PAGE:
During their sharing, ask students to tell you their ideas about how water vapor gets into the atmosphere and eventually forms clouds. Now is not the time to correct any of their answers, Just listen to their ideas.
To begin the demonstration, add 5 mL of tap water to the Erlenmeyer flask then place the balloon over the opening to seal the flask then place it on a hot plate. Heat the water, but do not let it all boil away.
Carefully remove the flask from the hot plate and ask students to share what they observe. Have students explain to you why the balloon inflates by drawing on their prior learning from previous labs and investigations.
Repeat the procedure with a second Erlenmeyer flask but this time do not stretch the balloon over the opening until after you remove it from the hot plate. Place the flask into the ice water bath. If done correctly the balloon should be inverted into the flask. Again ask students what they think is happening. Relate this back to previous lessons on air pressure.
There are four parts to this lab. Start by reviewing Gay-Lussac's law and the relationship between pressure and temperature at a constant volume and how clouds from. I address both of these in previous lessons.
If you are using the temperature strips, like those you find for aquariums, be sure that students can easily read them. Using clear, straight walled 2L bottles versus colored bottles will help.
Part four can be optional. It involves using a tiny amount of rubbing alcohol in place of the water. I recommend doing this as a demonstration as rubbing alcohol is flammable. If you have access to water bottle rocket device and pump or other similar apparatus, you can create a really dense cloud.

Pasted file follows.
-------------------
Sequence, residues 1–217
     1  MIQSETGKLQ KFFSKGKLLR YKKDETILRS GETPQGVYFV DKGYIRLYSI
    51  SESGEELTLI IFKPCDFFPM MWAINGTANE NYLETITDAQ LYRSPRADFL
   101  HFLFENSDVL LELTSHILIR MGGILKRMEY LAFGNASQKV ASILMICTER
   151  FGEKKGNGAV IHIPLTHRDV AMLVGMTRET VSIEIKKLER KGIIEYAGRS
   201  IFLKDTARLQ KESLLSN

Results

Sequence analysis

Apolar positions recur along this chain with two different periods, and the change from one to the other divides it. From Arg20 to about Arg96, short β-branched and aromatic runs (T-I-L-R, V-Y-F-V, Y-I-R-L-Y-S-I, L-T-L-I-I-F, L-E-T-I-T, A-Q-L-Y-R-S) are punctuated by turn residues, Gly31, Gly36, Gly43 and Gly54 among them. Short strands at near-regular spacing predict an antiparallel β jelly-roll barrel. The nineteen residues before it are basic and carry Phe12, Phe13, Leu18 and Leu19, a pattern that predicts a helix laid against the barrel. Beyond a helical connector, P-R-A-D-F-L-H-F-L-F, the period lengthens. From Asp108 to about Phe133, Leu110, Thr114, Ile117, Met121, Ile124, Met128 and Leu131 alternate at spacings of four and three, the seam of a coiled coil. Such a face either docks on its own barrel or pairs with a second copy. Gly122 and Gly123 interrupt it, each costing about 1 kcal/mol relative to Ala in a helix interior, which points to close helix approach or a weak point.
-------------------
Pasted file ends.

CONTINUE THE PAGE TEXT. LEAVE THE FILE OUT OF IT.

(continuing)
The reason the rubbing alcohol forms a more visible cloud is because alcohol evaporates more quickly than water. Alcohol molecules have weaker bonds than water molecules, so they let go of each other more easily. Since there are more evaporated alcohol molecules in the bottle, there are also more molecules able to condense. This is why you can see the alcohol cloud more clearly than the water cloud. - There's a demonstration, and instructions on Steve Spangler Science.
Follow up Questions:
- What did you observe inside the bottle when you squeezed and released the bottle?
- What gas law was operating during this experiment? Explain.
- If pressure decreases and volume increases when the bottle is released, what do you think happens to temperature? What evidence do you have?
- What happened when you used a dry bottle?
- What did you observe when you added water to the bottle?
- Low-pressure areas are the result of air rising into the atmosphere from Earth’s surface. Explain how this might result in cloud formation over a low-pressure area.
- High-pressure areas are the result of air falling from high altitudes and expanding. Explain how this might result in clear skies over a high-pressure area.
- What did you learn about cloud formation from today’s activity?
Below are images from a student completed lab.
In the video below students reflect on what they learned as a result of this investigation.
After you have your students clean up, engage them in the following questions. Giving an “answer” is never sufficient – they must explain their thinking:
With regards to the cloud in a bottle:
- What variables did you change when you pumped the air out of the bottle?
- What caused the cloud to form?
- Do you think the water vapor in the air in the room had any effect on the cloud formation?
With regards to Earth's Atmosphere:
- Is the air in our atmosphere in a container? Explain.
- What are the first steps in the formation of clouds? (Evaporation of water, followed by decreases in pressure and temperature.)
- Why does water vapor rise?
- What happens to the temperature and pressure of the water vapor as it rises?